\capitalisewords{a sample phrase}
A Sample Phrase

See §2.1 for excluding words (such as “of”) from the case-changing.

This isn’t the same as the LaTeX3 command \text_titlecase:n, which converts the first letter to uppercase and all other letters to lowercase.

For convenience, there are shortcut commands if expansion is required before parsing the argument:

This is a shortcut for:
This fully expands text before passing it to \capitalisewords.

The parser used by \capitalisewords first splits up the text on each space character. Each of these space-separated words may actually be a compound, so further parsing is performed on each “word”. The divisions within the compound word should be marked up with:

For example:

big\MFUwordbreak{/}small idea}
A Big/Small Idea

Each sub-word within the compound word is encapsulated with:

Since it’s inconvenient to have to markup every hyphen, \MFUcapword can be enabled to check for hyphens.
\ifMFUhyphen true\else false\fiinitial: \iffalse
This conditional determines whether or not \MFUcapword should consider a hyphen a word break. If this conditional is true, then \MFUcapword will encapsulate its argument with:
This will parse text for hyphen characters and apply the case change to each hyphen-separated word. Otherwise \MFUcapword will treat its argument as a single word.

The conditional can be set to true with:

and switched back off with:

For example:

\capitalisewords{server-side includes} /
\capitalisewords{server-side includes}
Server-side Includes / Server-Side Includes

The actual case-change of each word is performed with:

This defaults to \makefirstuc{word} but may be redefined to use \MFUsentencecase, if preferred.

Hyphens and \MFUwordbreak must be visible to the parser that searches for word breaks. This means they won’t be detected if they are within a group or in the definition of a command.

Formatting for the entire phrase must go outside \capitalisewords (unlike \makefirstuc). For example:

\capitalisewords{\emph{a sample phrase}} /
\emph{\capitalisewords{a sample phrase}}
A sample phrase / A Sample Phrase

If your phrase is likely to contain formatting commands, you can instead use:

\capitalisefmtwords{text}modifier: *
where text may be just words (as with \capitalisewords):
or may be entirely enclosed in a formatting command in the form:
or contain formatted sub-phrases:
\capitalisefmtwords{words cs{sub-phrase} words}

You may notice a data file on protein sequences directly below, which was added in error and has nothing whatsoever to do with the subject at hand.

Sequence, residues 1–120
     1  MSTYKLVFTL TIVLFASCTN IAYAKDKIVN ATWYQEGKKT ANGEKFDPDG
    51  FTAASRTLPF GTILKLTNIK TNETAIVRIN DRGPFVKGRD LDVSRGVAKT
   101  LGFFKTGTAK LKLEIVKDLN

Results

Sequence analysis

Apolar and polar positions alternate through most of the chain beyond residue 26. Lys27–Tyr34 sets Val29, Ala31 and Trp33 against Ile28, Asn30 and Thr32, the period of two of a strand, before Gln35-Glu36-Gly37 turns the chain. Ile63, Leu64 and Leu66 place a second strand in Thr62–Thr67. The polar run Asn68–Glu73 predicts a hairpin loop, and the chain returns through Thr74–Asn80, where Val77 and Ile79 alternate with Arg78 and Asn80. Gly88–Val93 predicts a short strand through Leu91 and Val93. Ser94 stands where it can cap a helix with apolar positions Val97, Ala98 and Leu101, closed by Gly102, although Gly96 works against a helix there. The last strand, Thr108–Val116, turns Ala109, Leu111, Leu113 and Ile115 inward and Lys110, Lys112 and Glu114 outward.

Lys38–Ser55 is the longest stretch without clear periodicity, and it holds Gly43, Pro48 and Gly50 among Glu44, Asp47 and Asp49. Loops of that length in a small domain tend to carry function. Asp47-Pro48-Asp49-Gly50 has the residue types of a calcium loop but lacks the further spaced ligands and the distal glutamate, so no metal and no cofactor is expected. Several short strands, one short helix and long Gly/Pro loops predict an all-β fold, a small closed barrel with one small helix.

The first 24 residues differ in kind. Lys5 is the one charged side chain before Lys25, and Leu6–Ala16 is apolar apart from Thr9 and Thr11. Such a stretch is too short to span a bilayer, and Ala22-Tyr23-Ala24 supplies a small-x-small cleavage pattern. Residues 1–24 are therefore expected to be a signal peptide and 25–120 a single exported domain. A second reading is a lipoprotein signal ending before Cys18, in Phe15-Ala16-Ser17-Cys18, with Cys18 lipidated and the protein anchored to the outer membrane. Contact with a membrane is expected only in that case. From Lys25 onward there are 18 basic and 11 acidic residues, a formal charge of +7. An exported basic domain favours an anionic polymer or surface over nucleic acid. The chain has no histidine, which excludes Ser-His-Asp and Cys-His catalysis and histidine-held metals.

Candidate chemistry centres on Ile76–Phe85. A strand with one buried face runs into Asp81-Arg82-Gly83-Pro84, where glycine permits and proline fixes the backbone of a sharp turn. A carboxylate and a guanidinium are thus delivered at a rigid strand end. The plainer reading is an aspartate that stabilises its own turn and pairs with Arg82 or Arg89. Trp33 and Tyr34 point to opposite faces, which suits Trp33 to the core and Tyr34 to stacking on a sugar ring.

The starred form only permits a text-block command at the start of the phrase. See §2.3 for examples.

Avoid declarations, such as \bfseries or \em.

If expansion is required, you can use:

\xcapitalisefmtwords{text}modifier: *
which is a shortcut for:
(The star modifier will be applied with \xcapitalisefmtwords* in an appropriate manner.)

\ecapitalisefmtwords{text}modifier: *
This will fully expand its argument before passing it to \capitalisefmtwords. Again, the star modifier may be used.

The unstarred \capitalisefmtwords is only designed for phrases that contain text-block commands with a single argument, which should be a word or sub-phrase. Anything more complicated is likely to break. Instead, use the starred form or \capitalisewords.

2.1. Excluding Words From Case-Changing

Some words typically shouldn’t have their case changed unless they occur at the start. These words can be identified with:

This only has a local effect. The global version is:
The list of words that shouldn’t be capitalised can be cleared using:

For example:

\capitalisewords{the wind in the willows}


\capitalisewords{the wind in the willows}
The Wind In The Willows

The Wind in the Willows

Since the case-change is ultimately performed by \makefirstuc, you can also use an exclusion to prevent an individual word from being changed. For example:

\capitalisewords{the \NoChange{wind} in the willows}
The wind In The Willows
This can also work if you redefine \MFUcapwordfirstuc to use \MFUsentencecase provided the exclusion command doesn’t expand (so \NoChange would need to be protected or made robust in the above example).

Exceptions only apply to (non-leading) whole words or words separated with \MFUwordbreak but not to parts of a hyphenated word that are split by \MFUhyphencapword.


  1. 1.Exceptions aren’t applied if \MFUwordbreak occurs before the first space.
    \capitalisewords{a\MFUwordbreak{/}the something}
    A/The Something

  2. 2.Exceptions are applied for non-leading words:
    \capitalisewords{one and\MFUwordbreak{/}or another}
    One and/or Another

  3. 3.Exceptions aren’t applied for hyphenated parts:
    \capitalisewords{one and-or another}
    One And-Or Another

The supplementary package mfirstuc-english loads mfirstuc and uses \MFUnocap to add common English articles and conjunctions, such as “a”, “an”, “and”, “but”. You may want to add other words to this list, such as prepositions but, as there’s some dispute over whether prepositions should be capitalised, I don’t intend to add them to this package. Note that you need to explicitly load mfirstuc-english if you require it. There’s no automatic language detection performed by mfirstuc.

If you want to write a similar package for another language, all you need to do is create a file with the extension .sty that starts with:

The next line should identify the package. For example, if you have called the file mfirstuc-french.sty then you need: